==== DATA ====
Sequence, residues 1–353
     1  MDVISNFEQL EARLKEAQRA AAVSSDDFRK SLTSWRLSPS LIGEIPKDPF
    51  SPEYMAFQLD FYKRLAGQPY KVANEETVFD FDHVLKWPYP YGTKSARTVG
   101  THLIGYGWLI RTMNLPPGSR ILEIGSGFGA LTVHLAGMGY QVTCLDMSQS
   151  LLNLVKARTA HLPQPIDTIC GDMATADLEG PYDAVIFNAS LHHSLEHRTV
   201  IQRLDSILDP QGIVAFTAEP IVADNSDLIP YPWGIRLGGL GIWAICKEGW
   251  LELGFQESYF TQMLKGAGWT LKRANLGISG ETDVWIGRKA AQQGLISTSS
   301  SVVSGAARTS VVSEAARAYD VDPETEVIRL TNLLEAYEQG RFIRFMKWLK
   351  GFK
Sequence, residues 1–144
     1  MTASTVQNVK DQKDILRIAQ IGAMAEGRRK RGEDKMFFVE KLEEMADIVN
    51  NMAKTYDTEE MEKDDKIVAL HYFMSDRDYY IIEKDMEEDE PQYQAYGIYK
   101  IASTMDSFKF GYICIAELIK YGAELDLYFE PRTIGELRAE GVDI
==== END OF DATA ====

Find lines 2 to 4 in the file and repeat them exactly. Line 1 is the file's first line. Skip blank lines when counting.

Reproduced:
     1  MDVISNFEQL EARLKEAQRA AAVSSDDFRK SLTSWRLSPS LIGEIPKDPF
    51  SPEYMAFQLD FYKRLAGQPY KVANEETVFD FDHVLKWPYP YGTKSARTVG
   101  THLIGYGWLI RTMNLPPGSR ILEIGSGFGA LTVHLAGMGY QVTCLDMSQS